On reflection, I learned some harsh lessons around management and leadership. Once again, I also learned how important it is to have a strong support network around you. As a leader, I am very open minded and welcome the opportunity for other professionals to visit our environment and offer feedback. This helps with the growth of any team.

Whilst we played some excellent rugby at times, beating top teams like Blackheath and Ampthill, we struggled with any sort of consistency. We weren’t scoring enough bonus points despite having one of the best defensive records in the league. With a month left of the season, we found ourselves in a relegation scrap with Caldy and Birmingham Moseley.

Both Loughborough and Esher were already relegated before the last league weekend, meaning one of Caldy, Moseley or ourselves would be playing the 2019-20 season in National Two.

Our assignment was a simple one; we had to travel to Sale FC and pick up maximum points to survive. We also had to rely on Moseley beating Caldy. We probably had our best week of preparation leading into the Sale FC game.

We brought in forwards coach Dan Richmond (ex-coach at Sale Sharks) who was able to work really closely with our forward pack and support the coaching team. There was complete focus in our game plan, and I was really confident that we would hold our part of the bargain and pick up five points.

To settle everyone’s nerves, we scored two early tries through brothers Mike and Jimmy Ayrton. We then scored another two tries late on in the game to secure the BP win. Our game had kicked off slightly later than the Moseley v Caldy game and people frantically refreshed their Twitter feeds for regular updates.

With five minutes left in that game, it seemed the writing was on the wall as Caldy were leading. Then, deep into injury time, back row forward Jacques Le Roux scored the winning try for Moseley. To this day, I would still like to buy him a few beers for helping us survive.

The relief at the end of the day was palpable. Everyone was physically and emotionally exhausted. Immediately after the game, we all made a promise that we would never put ourselves in this position again.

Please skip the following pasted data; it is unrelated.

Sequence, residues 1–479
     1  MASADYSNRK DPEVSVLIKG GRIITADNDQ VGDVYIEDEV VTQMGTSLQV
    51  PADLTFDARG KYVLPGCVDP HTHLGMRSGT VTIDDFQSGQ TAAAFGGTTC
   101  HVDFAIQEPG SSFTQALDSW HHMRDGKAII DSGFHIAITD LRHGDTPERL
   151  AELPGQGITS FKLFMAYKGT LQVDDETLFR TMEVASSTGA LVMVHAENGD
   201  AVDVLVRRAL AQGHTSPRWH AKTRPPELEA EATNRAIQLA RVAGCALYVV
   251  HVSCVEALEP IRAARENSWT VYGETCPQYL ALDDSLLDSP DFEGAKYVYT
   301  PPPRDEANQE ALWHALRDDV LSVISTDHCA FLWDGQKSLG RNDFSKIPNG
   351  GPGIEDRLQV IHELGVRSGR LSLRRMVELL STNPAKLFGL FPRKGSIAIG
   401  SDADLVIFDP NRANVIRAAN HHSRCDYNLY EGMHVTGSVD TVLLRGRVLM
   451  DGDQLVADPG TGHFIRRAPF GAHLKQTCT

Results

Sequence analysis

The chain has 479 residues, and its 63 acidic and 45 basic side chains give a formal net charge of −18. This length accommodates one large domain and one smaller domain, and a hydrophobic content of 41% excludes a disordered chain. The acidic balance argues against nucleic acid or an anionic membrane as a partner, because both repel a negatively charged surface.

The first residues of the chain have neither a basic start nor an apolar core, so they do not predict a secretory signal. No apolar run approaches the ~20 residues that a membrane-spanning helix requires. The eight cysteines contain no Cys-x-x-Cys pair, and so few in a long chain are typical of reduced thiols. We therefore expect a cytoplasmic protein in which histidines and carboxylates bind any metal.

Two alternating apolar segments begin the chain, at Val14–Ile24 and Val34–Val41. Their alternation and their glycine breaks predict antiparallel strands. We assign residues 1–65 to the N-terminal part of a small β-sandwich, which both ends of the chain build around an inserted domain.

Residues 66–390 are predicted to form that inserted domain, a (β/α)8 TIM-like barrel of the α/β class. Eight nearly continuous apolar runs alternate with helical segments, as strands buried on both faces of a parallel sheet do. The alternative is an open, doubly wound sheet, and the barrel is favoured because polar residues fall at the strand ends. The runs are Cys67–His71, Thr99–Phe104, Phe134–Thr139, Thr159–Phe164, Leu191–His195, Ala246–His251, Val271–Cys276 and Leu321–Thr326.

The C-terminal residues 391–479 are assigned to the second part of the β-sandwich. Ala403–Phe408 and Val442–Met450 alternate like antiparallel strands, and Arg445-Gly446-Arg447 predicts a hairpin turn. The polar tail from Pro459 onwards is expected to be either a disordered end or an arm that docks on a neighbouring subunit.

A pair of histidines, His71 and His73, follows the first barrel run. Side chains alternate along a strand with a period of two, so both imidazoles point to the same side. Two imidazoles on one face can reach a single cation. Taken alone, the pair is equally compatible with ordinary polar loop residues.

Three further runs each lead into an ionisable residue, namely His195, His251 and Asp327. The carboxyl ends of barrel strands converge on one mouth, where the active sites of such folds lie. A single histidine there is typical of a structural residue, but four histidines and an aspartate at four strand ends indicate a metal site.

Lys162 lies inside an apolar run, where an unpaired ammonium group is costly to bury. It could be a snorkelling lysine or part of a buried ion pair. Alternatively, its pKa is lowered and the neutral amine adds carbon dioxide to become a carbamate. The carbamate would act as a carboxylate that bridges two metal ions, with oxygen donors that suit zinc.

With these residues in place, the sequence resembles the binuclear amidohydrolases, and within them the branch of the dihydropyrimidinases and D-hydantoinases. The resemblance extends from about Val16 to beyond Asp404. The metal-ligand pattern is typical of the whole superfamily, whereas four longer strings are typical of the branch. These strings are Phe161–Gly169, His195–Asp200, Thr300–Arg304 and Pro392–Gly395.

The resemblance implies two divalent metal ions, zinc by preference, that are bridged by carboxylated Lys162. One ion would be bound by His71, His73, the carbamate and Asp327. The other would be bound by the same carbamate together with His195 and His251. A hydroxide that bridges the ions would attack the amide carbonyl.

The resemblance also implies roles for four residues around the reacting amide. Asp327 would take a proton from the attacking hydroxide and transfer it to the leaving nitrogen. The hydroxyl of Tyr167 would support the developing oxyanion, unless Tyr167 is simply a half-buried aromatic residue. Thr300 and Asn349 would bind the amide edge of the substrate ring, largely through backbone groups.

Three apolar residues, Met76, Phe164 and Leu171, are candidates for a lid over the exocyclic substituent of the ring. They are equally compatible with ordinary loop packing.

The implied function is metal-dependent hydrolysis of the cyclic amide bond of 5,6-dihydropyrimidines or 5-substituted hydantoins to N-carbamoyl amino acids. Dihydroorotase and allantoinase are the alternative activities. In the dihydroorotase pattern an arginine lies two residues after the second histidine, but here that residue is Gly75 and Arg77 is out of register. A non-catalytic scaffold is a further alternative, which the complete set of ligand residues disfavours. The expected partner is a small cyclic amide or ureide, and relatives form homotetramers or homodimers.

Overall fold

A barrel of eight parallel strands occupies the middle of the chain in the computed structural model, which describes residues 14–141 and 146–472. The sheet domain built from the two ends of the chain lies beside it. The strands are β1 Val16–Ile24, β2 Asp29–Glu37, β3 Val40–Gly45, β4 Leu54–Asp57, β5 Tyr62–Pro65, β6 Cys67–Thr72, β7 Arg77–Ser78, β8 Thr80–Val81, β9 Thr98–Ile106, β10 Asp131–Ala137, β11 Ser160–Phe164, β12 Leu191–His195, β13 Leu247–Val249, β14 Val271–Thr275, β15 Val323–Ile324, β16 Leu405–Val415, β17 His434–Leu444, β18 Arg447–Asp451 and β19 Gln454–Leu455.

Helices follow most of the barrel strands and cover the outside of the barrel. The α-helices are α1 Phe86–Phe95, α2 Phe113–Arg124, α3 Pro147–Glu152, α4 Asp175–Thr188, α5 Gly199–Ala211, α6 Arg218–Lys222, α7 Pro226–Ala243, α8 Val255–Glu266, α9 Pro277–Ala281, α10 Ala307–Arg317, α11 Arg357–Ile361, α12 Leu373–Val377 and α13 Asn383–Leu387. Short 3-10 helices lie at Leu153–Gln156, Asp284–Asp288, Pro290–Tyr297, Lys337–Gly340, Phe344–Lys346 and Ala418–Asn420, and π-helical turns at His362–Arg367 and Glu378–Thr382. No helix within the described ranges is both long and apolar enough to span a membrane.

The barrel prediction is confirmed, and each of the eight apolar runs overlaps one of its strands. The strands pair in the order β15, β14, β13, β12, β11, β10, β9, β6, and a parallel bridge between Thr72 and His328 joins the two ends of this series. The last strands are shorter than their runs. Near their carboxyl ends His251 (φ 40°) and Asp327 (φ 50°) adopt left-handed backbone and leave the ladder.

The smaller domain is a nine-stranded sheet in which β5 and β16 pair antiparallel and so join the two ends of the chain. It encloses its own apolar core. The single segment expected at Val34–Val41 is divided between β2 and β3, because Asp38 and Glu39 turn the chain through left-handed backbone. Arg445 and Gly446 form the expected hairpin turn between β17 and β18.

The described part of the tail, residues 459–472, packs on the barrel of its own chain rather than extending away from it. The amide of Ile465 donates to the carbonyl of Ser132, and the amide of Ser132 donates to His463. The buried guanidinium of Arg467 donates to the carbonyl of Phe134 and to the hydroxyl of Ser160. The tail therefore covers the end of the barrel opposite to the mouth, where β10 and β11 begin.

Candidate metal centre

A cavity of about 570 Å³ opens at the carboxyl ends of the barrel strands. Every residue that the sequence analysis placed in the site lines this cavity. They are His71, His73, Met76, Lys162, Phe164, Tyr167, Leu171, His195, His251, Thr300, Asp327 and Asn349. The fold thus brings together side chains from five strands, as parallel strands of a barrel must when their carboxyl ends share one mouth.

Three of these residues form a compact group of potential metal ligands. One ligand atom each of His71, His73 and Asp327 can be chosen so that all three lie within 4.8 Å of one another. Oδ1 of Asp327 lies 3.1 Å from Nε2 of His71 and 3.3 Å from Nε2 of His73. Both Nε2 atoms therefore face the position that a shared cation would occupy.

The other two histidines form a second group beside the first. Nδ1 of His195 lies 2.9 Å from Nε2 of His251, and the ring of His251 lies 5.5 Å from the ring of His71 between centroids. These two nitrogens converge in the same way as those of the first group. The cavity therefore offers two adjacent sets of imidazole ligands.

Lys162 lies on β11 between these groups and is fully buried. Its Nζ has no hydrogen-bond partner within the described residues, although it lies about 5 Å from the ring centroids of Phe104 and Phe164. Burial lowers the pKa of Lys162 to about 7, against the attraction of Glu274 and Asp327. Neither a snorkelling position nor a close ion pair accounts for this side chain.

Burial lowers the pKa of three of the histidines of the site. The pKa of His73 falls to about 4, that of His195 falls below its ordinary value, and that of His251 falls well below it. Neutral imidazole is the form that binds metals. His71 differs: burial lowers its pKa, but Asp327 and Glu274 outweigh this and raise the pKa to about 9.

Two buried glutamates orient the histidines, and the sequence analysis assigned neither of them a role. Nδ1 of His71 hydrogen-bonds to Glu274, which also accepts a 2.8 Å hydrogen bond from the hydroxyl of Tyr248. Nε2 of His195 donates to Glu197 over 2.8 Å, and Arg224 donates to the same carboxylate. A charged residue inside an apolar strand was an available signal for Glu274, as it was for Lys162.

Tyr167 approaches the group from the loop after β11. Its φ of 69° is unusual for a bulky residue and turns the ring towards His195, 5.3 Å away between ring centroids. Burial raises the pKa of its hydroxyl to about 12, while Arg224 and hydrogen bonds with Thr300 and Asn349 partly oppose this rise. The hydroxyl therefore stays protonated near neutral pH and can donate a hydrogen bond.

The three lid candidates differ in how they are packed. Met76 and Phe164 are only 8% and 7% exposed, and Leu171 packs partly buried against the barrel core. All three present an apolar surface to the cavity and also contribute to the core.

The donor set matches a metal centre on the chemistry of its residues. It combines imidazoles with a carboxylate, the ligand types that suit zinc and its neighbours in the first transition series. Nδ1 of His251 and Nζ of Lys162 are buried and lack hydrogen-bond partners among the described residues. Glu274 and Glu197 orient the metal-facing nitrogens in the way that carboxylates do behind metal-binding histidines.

With a much stronger environment in place, the 2019/20 season was far more successful on and off the field. Experiences from the previous campaign had made the playing group more resilient in its approach and this was endorsed with wins away at places like Cinderford and Old Elthamians. We went on a seven-game winning streak and before the season was cut short, we had already accumulated our highest number of league points since returning to National One.

The playing group is now far more dynamic and there is a real clarity around our purpose and direction. The leadership model that is in now in place, makes us a far more sustainable team.

My role has now changed to Director of Rugby which I am really enjoying. I will continue with the on- field support of the 1st XV, but now widen my whole club engagement. It is a very exciting role as the club has great potential. We have a number of strong foundations in place and have some outstanding individuals at the club. We need to continue to raise the profile of the club to make it an even more attractive place for players and commercial parties.

There is a great opportunity to augment our already strong mini and junior section and invest even more energy in our colts and academy programs. We want to align all three of our senior teams and cater for players of different needs.

Looking ahead to this season, whenever it may be, we have recruited wisely, but placed a big emphasis on having cohesion in our squad. We want to continue to improve our consistency and also continue to grow our identity and status as a club.

With the landscape of sport constantly evolving, it places even more significance on developing a contemporary and forward-thinking environment. To summarise, I strongly endorse the notion that coaching is a relationship business. With any relationship there is a need to develop layers of trust, which naturally takes time. We are well on the way to reconnecting with the wider club and are all excited about the future.